An Essay Towards A Topographical History of the County of Norfolk: Volume 2. Originally published by W Miller, London, 1805.
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COULSTON, alias COLVESTON,
Lies on the opposite shore to Cranwich, on the north side of the river Wissey, the hundred of Grimeshoe crossing here that river, and taking in this town and that of Ickburgh. In Domesday it is wrote Covestuna, and derives its name from the Saxon word Love, a small creak, and tun or ton, a town or village.
At the survey it was the lordship of William Earl Warren, but in the Confessor's time, was held by a freeman of Harold's, afterwards King of England, who had one carucate of land in demean, 12 acres of meadow, and a fishery, and was valued at 8s. per annum; it was five furlongs long, and four broad, and paid 5d. ob. when the hundred paid 20s. gelt. (fn. 1)
Soon after the Conquest, this village was held of the Earl Warren, the capital lord, by a family that assumed their name from it, a practice frequent in that age, and Jordan de Colveston, lord, by his deed sans date, (about the reign of King Henry I. as I take it,) gave to the monks of Castle-Acre, the rent of 3s. per annum, out of his mill called Wor-Milne, in this place; (fn. 2) the witnesses were, Jeffrey his heir, Robert his brother, Gilbert de Rising, Richard the priest of Mundeford, William his nephew, &c. After this, about the reign of King John,
Sir John de Loden, son of John de Loden, was lord, and gave by deed to the monks of Castle-Acre, 3s. per annum out of his manor, instead of the 3s. given them out of the mill above-mentioned; witnesses were, Sir Osbert de Caily, Sir Gilbert de Fransham, Sir Reginald de Dunham, Sir Alexander Arsyk, Sir Frederick de Capervill, Master Edmund de Massingham, Alan de Wessenham, John de Hoo, &c.
In 3d Edward I. Robert de Loden, or Lodne, was lord, and had the assize of bread and beer here; (fn. 3) and the men of this town and Ickburgh are said to be obliged to go to the leet of the hundred of Weyland, and to pay 12d. there; but in 9th Edward II. (fn. 4)
Lettice Atte-Hooe was returned lady of the manor; and in the following year, John Earl Warren aliened, with the King's license, (fn. 5) this lordship to
John was his son and heir, aged 20, by Mary his wife, daughter of William Lord Roos, and widow of Thomas de Brotherton Earl of Norfolk; and in the next year proved his age, and had livery. In 33d Edward III. being then a knight, he served that King in the wars of France, and had in his retinue Sir John de Northwold, Sir John Crispin, John Devenish, John Atte-chirche, &c.; and in the 37th of the said King, the 3d of June, he grants to King Edward III. and his heirs, (after his own decease,) this manor, with many others in several counties, and delivered a ring of gold to the King, in name of seisin, and was found to die seized of it in 1st Richard II. (fn. 6)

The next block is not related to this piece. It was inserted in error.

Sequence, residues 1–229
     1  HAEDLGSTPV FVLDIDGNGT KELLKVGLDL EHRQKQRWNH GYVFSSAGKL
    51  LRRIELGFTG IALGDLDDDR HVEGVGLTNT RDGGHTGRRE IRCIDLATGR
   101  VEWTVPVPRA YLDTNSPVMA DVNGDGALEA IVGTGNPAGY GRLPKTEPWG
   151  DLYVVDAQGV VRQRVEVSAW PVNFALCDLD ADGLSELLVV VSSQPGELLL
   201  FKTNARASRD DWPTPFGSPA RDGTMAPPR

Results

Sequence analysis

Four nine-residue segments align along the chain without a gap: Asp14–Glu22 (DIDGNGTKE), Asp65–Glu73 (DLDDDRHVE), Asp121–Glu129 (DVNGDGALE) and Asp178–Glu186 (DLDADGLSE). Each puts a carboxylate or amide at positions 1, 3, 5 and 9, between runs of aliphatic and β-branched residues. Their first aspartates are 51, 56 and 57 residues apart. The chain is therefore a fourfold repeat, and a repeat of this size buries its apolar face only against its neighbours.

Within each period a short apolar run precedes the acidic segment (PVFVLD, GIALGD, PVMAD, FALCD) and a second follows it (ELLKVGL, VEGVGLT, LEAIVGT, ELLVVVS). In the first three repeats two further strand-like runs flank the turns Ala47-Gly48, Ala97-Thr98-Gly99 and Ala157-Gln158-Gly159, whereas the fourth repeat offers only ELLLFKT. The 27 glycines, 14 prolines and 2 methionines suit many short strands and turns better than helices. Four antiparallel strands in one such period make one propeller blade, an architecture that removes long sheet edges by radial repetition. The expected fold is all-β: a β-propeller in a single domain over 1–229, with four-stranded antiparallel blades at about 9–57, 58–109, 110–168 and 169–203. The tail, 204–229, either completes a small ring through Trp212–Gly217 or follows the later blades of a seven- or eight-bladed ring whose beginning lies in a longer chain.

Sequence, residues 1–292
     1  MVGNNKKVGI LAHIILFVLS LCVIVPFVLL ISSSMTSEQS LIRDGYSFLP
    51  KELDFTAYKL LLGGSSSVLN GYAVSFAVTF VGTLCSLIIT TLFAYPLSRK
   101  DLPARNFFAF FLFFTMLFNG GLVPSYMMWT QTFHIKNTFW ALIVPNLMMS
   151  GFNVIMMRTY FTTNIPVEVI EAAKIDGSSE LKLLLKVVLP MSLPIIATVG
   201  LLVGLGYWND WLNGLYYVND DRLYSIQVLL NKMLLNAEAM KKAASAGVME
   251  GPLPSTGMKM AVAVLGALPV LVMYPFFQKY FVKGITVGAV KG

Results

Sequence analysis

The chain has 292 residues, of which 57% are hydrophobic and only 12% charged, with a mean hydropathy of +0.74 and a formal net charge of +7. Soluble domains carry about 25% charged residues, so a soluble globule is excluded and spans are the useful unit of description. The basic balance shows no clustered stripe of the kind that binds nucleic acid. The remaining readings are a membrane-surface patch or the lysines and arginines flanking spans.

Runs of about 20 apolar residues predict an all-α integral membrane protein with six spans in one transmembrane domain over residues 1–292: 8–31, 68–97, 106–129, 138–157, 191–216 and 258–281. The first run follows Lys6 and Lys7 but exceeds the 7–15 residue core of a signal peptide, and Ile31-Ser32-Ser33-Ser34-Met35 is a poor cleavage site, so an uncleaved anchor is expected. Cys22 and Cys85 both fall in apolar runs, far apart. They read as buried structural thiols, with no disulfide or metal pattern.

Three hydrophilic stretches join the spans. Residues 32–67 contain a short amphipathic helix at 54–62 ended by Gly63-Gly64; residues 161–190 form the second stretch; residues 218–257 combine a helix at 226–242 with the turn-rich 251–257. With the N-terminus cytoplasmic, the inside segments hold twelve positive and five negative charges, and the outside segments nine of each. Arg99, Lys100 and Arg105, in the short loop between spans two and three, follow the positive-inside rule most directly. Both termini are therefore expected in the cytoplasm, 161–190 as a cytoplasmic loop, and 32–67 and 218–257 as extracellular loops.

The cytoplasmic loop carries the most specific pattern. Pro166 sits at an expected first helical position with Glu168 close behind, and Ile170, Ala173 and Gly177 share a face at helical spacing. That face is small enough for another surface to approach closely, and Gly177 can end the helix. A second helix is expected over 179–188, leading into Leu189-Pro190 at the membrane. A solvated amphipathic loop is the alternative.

On the death of Sir John Cobham, the lordship came to John de Herling of East-Herling in Norfolk, to whom and his heirs King Edward III. gave the reversion, on the 8th of November, in his 38th year, after the death of the aforesaid Sir John Cobham; (fn. 7) but in the 3d of Henry IV.
The Church has been in ruins time immemorial; it stood a little west of the present farm-house, and was dedicated to the Virgin Mary; (fn. 8) It formerly belonged to St. Bartholomew of Ichburgh, as the mother and baptismal church, concerning the advowson of which there had been a dispute between Jeffry, son of Jordan of Colveston, and the monks of St. Pancrace of Lewes, to whom he released, before Bishop William of Norwich, Jordan Prior of Acre, Ralph de Albini, and Roger de Waxtenesham, the Bishop's notary. (fn. 9) In it there were the arms of England, the Earl Warren, and the Earl of Clare. (fn. 10) John de Lodnes, lord of the town, by a fine levied in the 20th Henry III. (fn. 11) granted the patronage of it to the Prior and Convent of Lewes in Sussex; but it appears from the Institution Books, that that convent did not present till the year 1375.
1329, 24 March, William de Surlingham. (fn. 12)
1536, 4 March, Robert Halmon, on the death of Bothe. Robert Holdych, Esq. He was also rector of Boughton, and deprived in 1553, being a married priest. (fn. 13)
1556, 28 July, Robert Spirgyn, (fn. 14) on the deprivation of the last rector. Richard Holditch, Esq.
1592, 12 Oct. Thomas Hopes, alias Hooper, A. M. (fn. 15) on the resignation of Turner. Henry Holdiche, Esq. He was vicar also of Didlington, and afterwards rector of North-Rungton in Norfolk.
Henry Constable, by his will dated 20 Dec. 1489, gives 12 acres and an half of land in Didlington, to the rector of Colveston, on condition that he prays for his soul, and to St. Mary's gild here, 6 acres and 3 roods of land in Didlington. (fn. 16)
Tho. Hogg, by his will in 1492, gives two ewes to the gild of St. John Baptist here. (fn. 17)